Through the trellis, I saw dancers Krishnaveni, Janardhanan, Kunhiraman and Balagopal standing quietly on stage, waiting for instructions. Atthai would tilt her head towards Periya Sarada teacher who would be pouring multiple interpretations of the Sanskrit text into Atthai’s fertile mind. At times, Atthai’s voice was sharp, almost a reprimand, but never did Periya Sarada teacher raise hers. When dancers were reduced to tears by some remark from Atthai, it was Sarada who applied the emotional salve to their young wounds. She was a life coach, helping students, guiding the teachers, creating the teaching syllabus, drafting the classes for dance theory and history and being the ‘asthana vidwan’ under the banyan tree.

How could such a slender frame accommodate so much brilliance? How could her patience and energy never flag for decades?

Periya Sarada teacher could explain each word or line of a poetic text from the Gita Govindam or a rare Tamil kriti for hours. She could provide endless explanations for each word, thus opening up the possibilities of young minds that flocked to her after class hours. Her hour-long explanation in one of my classes (a surprise rare visit) on the first line of the iconic varnam ‘Roopamu Joochi’ is indelibly etched in my mind. Even today I remember her slender fingers opening out into an ‘alapadma’ to depict the idea of beauty and grace!

Erudition, patience, dedication, compassion, humility, fierce focus and endless thirst for knowledge - these were the words that appeared and re-appeared in the various articles that I edited for the volume ‘Nirmalam’ on her 90th birthday in 2005. Every writer, Yamini Krishnamurthy, C.V. Chandrasekhar, Dhananjayans, Janardhanan, Katherine Kunhiraman, Leela Samson, C.K. Balagopal and others stressed that Kalakshetra's choreographic treasures would never have been created and preserved without Periya Sarada's meticulous notations and enormous generosity towards Rukmini Devi's vision for the arts.

My time in Kalakshetra was brief and although I was interested in dance theory and international dance history (I was already an English Literature Graduate from Madras University), I never got a chance to study under Periya Sarada teacher. She was already steeped in the research and creation of the Dasavatara Natya series for Kalakshetra. She did, however, find the time to read my papers which were forwarded to her by Neila Sathyalingam. She added her appreciation on the pages in her neat flawless writing. She also attended two of my performances - in 1978 and 1996. On both occasions, she came back stage, embraced me and stroked my face saying, “Your abhinaya is very good.”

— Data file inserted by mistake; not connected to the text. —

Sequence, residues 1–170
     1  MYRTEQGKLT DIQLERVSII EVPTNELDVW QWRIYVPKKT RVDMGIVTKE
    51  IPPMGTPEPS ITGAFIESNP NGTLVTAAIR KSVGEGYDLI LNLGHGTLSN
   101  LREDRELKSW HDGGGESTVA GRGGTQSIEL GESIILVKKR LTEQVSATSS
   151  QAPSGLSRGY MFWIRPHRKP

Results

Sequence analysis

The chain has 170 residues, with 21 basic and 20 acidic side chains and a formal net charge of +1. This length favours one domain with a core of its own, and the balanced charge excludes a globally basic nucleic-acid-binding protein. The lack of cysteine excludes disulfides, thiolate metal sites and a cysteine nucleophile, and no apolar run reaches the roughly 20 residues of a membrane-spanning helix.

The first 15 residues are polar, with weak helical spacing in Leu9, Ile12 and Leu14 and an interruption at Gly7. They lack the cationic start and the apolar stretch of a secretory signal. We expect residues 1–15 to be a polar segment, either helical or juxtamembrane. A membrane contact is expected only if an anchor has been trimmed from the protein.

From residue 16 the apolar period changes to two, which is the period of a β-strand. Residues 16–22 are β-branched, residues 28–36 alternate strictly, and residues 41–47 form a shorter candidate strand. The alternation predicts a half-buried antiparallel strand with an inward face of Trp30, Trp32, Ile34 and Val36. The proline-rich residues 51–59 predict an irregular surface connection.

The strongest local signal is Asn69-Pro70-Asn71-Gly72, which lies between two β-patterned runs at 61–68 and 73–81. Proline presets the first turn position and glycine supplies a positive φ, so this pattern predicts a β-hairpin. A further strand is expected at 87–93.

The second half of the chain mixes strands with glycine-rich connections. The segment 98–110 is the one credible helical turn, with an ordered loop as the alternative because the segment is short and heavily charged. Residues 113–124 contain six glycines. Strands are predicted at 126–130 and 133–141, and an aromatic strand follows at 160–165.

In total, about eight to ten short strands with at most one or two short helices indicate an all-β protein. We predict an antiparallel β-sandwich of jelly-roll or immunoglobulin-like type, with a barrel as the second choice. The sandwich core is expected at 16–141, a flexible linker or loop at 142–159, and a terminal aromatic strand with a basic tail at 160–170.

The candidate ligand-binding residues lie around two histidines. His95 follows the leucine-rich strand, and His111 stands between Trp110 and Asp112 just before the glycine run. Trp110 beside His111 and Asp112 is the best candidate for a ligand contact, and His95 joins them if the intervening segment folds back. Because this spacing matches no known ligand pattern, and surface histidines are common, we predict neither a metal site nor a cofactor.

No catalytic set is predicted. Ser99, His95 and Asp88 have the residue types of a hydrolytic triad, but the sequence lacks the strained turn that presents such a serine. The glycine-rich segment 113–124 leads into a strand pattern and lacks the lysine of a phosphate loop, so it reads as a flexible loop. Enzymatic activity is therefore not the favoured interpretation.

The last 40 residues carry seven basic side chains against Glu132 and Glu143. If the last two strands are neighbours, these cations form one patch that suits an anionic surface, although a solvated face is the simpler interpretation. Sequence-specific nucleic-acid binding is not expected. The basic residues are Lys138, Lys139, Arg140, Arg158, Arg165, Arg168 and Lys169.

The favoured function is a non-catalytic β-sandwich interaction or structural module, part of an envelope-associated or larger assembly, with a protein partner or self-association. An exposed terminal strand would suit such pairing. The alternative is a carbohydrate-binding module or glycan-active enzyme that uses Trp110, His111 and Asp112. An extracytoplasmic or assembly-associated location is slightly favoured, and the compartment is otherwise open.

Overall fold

In 1985, Sarada teacher was cruelly dismissed from service during the Government of India take over of Kalakshetra. Devoid of pension, retirement income or any means of existence, she was nurtured until her last days by her faithful companion and friend since 1939 – G. Sundari.

The technology of the present day - You Tube, Instagram, live streaming, Facebook – while distracting – may have kept her legacy and thoughts alive in multiple ways.

Today, her contribution remains a gentle memory for those who were fortunate to study and catch a sliver of her fecund mind.

In her final days, she sat silent and listless on her wheel chair, gazing into the green vistas of the Theosophical Society which was her home. Dimmed eyesight, a saddened spirit and almost forgotten by the new generation of students and teachers in Kalakshetra, Periya Sarada teacher held her disappointment and ache within her frail body. As much as she adored and admired Rukmini Devi's pioneering vision for the arts, Sarada was estranged from her idol when she was one of the signatories who aligned against Atthai in a legal issue. S. Sarada maintained that the institution was always larger than the individual. Towards the end of her days, Rukmini Devi and S. Sarada settled their differences but this chasm was heard like a thunderbolt throughout the dance world and stunned all of us.

Her passing on November 4, 2009, was akin to the felling of an ageless tree. In knowledge Periya Sarada teacher gave shade like a Banyan, in scholarship she towered above all like a Redwood and in grace she healed like a Neem.

Her final breath came amidst the verdant Theosophical Society, whose most devout student has left generations of dance and music students enriched and blessed with her singular personality.

September 1 marks the birth centenary of Periya Saradha teacher. The students of Kalakshetra will present a special musical homage at Rukmini Arangham, 6.30 p.m.

(The writer, performer-arts entrepreneur, The writer was a Kalakshetra student. She has published a book on S. Sarada’s life. She may be contacted at; @aratnam)

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Printable version | Apr 17, 2021 2:47:07 PM |